Lexington (Affidavits – Colonials)

Dunlap and Claypoole’s American Advertiser/May 15, 1775

Affidavits and Depositions

Relative to the COMMENCEMENT of the LATE HOSTILITIES in the province of MASSACHUSETTS BAY; together with an ADDRESS from the PROVINCIAL CONVENTION of said province, to the INHABITANTS of GREAT BRITAIN, transmitted to the CONGRESS now sitting in this city, and published by their order.

Charles Thompson, Secretary

We, Solomon Brown, Jonathan Loring, and Elijah Sanderson, all of lawful age, and of Lexington, in the county of Middlesex, and Colony of the Massachusetts Bay, in New England, do testify and declare, that on the evening of the 18th of April instant, being on the road between Concord and Lexington, and all of us mounted on horses, we were about ten of the clock suddenly surprised by nine persons, whom we took to be Regular Officers, who rode up to us, mounted and armed, each having a pistol in his hand, and after putting pistols to our breasts, and seizing the bridles of our horses, they swore that if we stirred another step, we should be all dead men; upon which we surrendered ourselves. They detained us until two o’clock the next morning, in which time they searched about the magazine at Concord, whether any guards were posted there, and whether the bridges were up, and said four or five regiments of regulars would be in possession of the stores soon. They then brought us back to Lexington, cut the horses’ bridles and girts, turned them loose, and then left us.




Lexington, April 25, 1775

I, ELIJAH SANDERSON, above-named, do further testify and declare, that I was on Lexington Common the morning of the 19th of April aforesaid, having been dismissed by the Officers above mentioned, and saw a large body of regular troops advancing towards Lexington Company, many of whom were then dispersing. I heard one of the regulars, whom I took to be an Officer, say, “damn them, we will have them,” and immediately the regulars shouted aloud, run and fired on the Lexington Company, which did not fire a gun before the regulars discharged on them. Eight of the Lexington Company were killed, while they were dispersing, and at a considerable distance from each other, and many wounded, and although a spectator, I narrowly escaped with my life.


Lexington, April 23rd, 1775

I THOMAS RICE WILLARD, of lawful age, do testify and declare, that being in the house of Daniel Livingston, of said Lexington, on the nineteenth instant in the morning, and half an hour before sunrise, looked out at the window of said house, and saw (as I suppose) about four hundred regulars in one body, coming up the road and marched toward the North part of the common back of the meeting-house of said Lexington, and as soon as said regulars were against the east end of the meeting-house, the commanding officer said something, what I know not, but upon that the regulars ran till they came within about eight or nine rods of about a hundred of the militia of Lexington, who were collected on said common, at which time the militia of Lexington dispersed, then the officers made a huzza, and the private soldiers succeeded them, directly after this an officer rode before the regulars, to the other side of the body, and hallooed after the militia of said Lexington and said “Lay down your arms,” and that there was not a gun fired till the militia of Lexington were dispersed, and further saith not.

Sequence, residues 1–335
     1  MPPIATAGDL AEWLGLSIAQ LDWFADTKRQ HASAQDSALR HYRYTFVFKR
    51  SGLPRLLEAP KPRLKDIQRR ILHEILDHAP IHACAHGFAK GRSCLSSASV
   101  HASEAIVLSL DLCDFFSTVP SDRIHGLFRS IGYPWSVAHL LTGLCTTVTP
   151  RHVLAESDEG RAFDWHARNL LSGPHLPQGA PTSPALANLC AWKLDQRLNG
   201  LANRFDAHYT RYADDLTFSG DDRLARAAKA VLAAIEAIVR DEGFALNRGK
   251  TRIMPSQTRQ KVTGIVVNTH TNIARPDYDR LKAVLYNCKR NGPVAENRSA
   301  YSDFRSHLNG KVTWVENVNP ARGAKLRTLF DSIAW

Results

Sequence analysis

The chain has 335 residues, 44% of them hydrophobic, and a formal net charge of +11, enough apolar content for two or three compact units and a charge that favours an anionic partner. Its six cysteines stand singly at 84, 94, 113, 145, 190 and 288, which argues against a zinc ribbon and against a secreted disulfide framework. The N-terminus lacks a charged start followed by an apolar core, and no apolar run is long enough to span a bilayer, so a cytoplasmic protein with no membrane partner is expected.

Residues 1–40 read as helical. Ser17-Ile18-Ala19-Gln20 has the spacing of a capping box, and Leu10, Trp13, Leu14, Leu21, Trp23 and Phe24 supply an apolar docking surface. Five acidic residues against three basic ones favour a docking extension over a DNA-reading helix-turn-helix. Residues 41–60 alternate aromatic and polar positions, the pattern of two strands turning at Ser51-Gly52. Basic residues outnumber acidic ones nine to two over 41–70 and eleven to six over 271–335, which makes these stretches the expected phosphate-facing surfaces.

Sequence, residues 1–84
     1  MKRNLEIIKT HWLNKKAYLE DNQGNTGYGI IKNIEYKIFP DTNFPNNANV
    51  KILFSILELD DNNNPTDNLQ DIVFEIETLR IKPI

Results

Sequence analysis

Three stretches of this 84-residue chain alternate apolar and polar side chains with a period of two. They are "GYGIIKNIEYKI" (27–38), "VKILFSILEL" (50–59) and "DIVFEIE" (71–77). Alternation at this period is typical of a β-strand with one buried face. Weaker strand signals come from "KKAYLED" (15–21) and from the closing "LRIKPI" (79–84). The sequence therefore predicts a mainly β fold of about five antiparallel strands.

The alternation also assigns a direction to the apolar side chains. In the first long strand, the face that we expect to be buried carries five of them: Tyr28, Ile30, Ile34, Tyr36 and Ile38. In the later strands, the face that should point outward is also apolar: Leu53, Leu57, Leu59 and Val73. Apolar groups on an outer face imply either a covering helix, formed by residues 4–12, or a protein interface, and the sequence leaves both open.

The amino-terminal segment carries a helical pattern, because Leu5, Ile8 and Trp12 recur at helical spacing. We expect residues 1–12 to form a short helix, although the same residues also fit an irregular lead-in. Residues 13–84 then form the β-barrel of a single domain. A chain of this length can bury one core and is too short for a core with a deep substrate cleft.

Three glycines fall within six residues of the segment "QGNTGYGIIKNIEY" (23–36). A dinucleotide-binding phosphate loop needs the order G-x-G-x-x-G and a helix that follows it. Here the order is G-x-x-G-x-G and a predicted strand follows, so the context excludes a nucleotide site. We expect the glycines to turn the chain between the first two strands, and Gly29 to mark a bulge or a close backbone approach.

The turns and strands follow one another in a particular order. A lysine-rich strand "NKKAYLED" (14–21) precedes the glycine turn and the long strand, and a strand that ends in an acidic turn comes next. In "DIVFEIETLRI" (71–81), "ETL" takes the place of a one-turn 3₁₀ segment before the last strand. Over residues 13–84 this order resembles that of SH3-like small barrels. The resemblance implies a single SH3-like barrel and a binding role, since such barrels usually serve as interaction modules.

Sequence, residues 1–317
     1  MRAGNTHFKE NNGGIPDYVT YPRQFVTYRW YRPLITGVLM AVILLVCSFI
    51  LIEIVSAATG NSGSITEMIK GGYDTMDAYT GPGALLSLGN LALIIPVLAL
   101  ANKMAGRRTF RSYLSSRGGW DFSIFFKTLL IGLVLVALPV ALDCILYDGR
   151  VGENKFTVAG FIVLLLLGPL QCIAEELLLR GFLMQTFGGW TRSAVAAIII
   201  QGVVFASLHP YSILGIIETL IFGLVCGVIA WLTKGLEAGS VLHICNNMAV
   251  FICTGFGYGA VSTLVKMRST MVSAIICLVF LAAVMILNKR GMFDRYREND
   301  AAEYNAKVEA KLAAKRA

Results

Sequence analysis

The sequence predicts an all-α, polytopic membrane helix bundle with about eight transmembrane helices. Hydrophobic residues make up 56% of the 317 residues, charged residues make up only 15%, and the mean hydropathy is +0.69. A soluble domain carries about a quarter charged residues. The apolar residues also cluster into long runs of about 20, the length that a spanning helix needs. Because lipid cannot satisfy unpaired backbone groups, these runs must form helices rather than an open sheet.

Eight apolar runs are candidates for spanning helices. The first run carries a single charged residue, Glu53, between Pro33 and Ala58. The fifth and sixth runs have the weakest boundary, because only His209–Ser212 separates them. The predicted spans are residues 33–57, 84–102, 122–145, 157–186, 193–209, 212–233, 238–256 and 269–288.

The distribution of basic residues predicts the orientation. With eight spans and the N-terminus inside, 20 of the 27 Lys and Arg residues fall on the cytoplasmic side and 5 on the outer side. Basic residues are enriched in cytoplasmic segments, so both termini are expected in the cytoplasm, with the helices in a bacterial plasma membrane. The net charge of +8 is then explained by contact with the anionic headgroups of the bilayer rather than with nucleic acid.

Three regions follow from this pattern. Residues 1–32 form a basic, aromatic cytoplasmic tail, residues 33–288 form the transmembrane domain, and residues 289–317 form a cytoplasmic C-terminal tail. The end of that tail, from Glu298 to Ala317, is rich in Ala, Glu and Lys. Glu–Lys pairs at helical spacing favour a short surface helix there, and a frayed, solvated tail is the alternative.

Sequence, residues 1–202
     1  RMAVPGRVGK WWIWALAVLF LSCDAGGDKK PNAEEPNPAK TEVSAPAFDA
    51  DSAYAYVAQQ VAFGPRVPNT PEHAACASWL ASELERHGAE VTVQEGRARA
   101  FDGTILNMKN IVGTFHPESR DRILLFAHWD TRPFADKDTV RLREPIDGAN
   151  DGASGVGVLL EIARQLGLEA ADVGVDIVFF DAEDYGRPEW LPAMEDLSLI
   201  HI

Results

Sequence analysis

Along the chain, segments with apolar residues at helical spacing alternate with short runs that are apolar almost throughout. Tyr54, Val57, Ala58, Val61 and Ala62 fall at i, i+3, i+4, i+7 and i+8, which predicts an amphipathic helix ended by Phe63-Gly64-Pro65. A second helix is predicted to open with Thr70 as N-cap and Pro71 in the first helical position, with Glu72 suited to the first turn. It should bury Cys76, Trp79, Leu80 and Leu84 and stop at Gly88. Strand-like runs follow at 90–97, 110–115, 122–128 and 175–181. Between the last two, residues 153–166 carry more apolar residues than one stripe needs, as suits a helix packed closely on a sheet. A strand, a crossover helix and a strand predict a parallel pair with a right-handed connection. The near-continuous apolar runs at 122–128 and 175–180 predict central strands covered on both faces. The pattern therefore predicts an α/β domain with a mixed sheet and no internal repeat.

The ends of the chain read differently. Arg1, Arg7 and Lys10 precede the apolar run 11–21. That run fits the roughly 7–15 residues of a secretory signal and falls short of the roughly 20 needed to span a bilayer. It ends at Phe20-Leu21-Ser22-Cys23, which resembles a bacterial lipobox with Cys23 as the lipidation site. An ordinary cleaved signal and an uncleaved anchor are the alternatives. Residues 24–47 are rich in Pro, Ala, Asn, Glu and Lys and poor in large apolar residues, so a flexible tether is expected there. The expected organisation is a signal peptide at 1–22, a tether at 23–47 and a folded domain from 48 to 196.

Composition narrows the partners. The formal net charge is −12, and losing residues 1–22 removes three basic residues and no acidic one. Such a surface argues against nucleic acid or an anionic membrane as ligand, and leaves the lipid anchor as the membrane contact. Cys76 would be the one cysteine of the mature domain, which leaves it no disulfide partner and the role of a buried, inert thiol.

Lexington, 25th of April, 1775

SIMON WINSHIP, of Lexington, in the County of Middlesex, and Province of Massachusetts Bay, New England, being of lawful age testifieth and saith, that on the nineteenth of April instant, about four o’clock in the morning, as he was passing the public road in said Lexington, peaceably and unarmed, about two miles and a half distant from the meeting-house in said Lexington, he was met by a body of the King’s regular troops, and being stopped by some officers of said troops, was commanded to dismount, upon asking why he must dismount, he was obliged by force to quit his horse and ordered to march in the midst of the body, and being examined whether he had been warning the minute men, he answered no, but had been out and was then returning to his father’s. Said Winship further testifies, that he marched with said troops till he came within about half a quarter of a mile of said meeting-house, where an officer commanded the troops to halt, and then to prime and load, this being done the said troops marched on till they came within a few rods of Capt. Parker’s company, who were partly collected on the place of parade, when said Winship observed an officer at the head of said troops, flourishing his sword, and with a loud voice giving the word fire, fire, which is instantly followed by a discharge of arms from said regular troops, and said Winship is positive and in the most solemn manner declares that there was no discharge of arms on either side till the word fire was given by said officer as above.


Lexington, April 25, 1775

I JOHN PARKER, of lawful age, and Commander of the Militia in Lexington, do testify and declare, that on the 19th instant, in the morning, about one of the clock, being informed that there were a number of regular Officers riding up and down the road, stopping and insulting people as they passed the road; and also were on their march from Boston, in order to take the province stores at Concord, ordered our Militia to meet on the Common in said Lexington, to consult what to do, and concluded not to be discovered, nor meddle or make with said regular troops (if they should approach) unless they should insult or molest us; –and upon their sudden approach I immediately ordered our Militia to disperse and not to fire,–Immediately said troops made their appearance and rushed furiously, fired upon and killed eight of our party, without receiving any provocation therefor from us.



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